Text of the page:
Sunday, November 18, 2007

AT&T Allows Denial of Service

I've been using AT&T for 4 months. What I saw is that you must pay if you're phoning but also if you receive calls. You must pay also if you 'try' to phone, and you must pay if you decide to not answer. Well, you must pay every time !
Is it right ? Maybe Yes, if your mind thinks to "communications" or it seems wrong if your mind thinks to "services". So, what I know is that AT&T is a "communication oriented" provider instead others European networks providers are "service oriented".  But what about security ?  If I'm using a "service oriented" network provider, like EU architecture, I'll pay only if some one answers to me. So the following scenario could be assumed as safe:

A call V
network does...... TU...TU...TU...TU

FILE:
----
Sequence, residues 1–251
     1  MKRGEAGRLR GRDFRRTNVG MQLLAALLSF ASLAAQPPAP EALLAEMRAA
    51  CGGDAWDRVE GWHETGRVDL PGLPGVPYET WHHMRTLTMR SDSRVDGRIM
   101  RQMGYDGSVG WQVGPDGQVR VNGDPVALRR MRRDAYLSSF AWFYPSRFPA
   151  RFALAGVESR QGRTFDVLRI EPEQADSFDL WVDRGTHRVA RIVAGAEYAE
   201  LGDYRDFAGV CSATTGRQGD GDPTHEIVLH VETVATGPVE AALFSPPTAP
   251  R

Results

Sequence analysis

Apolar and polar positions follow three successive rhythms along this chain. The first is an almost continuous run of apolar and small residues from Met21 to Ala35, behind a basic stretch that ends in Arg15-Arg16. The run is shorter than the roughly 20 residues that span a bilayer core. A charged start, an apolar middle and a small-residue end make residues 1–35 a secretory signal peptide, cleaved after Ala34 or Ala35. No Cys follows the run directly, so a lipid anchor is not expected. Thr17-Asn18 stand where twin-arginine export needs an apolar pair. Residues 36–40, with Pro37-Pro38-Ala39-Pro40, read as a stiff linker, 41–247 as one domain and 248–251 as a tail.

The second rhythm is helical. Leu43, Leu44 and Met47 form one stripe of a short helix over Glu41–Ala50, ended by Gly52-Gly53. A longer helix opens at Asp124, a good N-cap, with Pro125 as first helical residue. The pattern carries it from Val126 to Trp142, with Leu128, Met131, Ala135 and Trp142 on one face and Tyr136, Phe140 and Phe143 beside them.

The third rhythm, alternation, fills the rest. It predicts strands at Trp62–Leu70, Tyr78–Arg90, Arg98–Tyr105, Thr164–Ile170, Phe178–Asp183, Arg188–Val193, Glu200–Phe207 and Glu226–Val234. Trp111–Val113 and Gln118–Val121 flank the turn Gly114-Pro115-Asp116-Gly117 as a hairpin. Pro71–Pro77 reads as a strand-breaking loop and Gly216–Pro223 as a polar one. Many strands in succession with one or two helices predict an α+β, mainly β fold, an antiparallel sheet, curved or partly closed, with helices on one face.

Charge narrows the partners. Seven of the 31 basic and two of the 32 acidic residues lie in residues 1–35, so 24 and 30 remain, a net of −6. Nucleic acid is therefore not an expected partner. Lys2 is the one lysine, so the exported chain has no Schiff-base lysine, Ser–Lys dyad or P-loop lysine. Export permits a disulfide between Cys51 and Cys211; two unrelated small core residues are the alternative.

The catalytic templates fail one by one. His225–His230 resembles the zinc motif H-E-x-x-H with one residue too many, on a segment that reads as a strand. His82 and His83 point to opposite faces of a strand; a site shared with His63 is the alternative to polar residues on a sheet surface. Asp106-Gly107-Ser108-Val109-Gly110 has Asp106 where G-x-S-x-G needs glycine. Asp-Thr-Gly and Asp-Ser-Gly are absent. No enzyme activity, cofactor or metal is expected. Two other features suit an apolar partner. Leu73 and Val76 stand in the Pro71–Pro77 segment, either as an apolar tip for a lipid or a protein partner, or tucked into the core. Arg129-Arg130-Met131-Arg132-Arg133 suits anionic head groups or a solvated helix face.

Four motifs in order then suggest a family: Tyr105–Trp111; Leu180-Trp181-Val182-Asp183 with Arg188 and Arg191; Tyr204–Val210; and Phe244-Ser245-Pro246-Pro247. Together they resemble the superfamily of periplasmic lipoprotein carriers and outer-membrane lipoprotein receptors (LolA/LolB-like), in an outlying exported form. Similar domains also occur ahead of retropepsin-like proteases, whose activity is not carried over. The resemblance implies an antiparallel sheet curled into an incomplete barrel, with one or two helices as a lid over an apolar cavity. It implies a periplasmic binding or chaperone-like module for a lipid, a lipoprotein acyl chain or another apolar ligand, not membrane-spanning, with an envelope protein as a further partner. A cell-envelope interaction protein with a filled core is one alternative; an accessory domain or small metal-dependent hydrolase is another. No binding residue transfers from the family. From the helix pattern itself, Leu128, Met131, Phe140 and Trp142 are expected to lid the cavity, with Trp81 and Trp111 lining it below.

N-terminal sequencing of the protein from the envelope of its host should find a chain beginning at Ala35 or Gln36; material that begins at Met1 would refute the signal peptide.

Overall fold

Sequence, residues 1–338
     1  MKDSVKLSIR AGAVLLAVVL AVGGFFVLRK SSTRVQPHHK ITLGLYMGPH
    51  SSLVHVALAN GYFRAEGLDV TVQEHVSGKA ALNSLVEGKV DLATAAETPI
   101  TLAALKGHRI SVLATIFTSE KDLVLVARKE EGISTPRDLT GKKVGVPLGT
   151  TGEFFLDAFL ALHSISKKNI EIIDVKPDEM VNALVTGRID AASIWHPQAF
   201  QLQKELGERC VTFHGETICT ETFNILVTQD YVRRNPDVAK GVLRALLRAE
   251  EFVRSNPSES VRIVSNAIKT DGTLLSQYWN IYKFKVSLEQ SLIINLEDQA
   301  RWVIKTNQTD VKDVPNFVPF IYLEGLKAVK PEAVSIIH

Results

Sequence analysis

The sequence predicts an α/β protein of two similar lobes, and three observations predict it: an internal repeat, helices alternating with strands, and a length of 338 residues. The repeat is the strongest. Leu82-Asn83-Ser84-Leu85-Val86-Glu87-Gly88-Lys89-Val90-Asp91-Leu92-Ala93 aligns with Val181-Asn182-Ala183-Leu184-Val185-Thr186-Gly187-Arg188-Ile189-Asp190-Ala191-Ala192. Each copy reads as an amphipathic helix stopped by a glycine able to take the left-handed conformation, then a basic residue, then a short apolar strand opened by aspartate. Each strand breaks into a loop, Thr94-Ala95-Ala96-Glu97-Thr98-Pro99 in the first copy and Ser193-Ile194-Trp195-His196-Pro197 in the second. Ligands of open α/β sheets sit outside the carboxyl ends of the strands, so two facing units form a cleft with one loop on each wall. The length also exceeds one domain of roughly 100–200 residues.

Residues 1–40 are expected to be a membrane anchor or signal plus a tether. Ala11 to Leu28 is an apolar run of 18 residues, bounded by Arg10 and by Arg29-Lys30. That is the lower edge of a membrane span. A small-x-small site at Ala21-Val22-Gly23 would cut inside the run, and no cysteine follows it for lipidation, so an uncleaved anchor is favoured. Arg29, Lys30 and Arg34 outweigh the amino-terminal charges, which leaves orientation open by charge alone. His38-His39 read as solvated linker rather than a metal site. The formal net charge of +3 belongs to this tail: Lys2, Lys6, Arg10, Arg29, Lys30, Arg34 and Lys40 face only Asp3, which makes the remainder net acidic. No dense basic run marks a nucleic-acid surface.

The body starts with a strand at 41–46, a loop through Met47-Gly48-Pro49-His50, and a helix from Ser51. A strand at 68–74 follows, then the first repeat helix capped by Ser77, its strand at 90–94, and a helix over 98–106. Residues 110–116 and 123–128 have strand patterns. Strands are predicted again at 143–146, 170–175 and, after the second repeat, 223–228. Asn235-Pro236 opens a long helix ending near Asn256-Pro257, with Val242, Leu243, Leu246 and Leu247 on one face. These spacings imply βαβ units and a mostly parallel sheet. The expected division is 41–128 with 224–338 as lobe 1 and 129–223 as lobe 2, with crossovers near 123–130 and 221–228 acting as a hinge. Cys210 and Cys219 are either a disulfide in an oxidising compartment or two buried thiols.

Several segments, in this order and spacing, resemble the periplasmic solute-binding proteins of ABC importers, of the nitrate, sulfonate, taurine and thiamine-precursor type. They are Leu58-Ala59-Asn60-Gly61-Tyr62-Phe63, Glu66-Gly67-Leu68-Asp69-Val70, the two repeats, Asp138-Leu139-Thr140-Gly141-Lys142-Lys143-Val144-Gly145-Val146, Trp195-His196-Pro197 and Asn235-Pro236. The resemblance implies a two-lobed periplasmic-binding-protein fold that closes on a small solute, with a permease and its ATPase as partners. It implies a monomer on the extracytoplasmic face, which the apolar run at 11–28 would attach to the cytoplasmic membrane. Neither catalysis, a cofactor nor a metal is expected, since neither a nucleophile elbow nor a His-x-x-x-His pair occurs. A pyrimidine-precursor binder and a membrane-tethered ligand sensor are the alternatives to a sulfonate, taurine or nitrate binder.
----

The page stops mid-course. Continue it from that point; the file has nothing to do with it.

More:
V doesn't answer.
network does....... TU.TU.TU.TU 
A has spent nothing
V has spent nothing

If I'm using a "communication oriented" network provider, I take up the network so I'll spend even though no one answer to me. At the same time also who doesn't answer to me takes up the network and so he will spend money like me. In this way if an attacker wants to make a denial of service on the victim's phone, he could follow this procedure.

Attacker (A) calls Victim(V) (with hidden cell-id)
network does........ TU. (A stops the call)

A has spent $0.x
V has spent $0.x

If we assume that Attacker has more money than Victim, at the end of the day Victim is not able to phone. Both A and V will spend the same amount of money. So if Attacker really wants to make a DoS attack on one or more phones he can.
Maybe "services oriented provider" are more secure under this point of view. 

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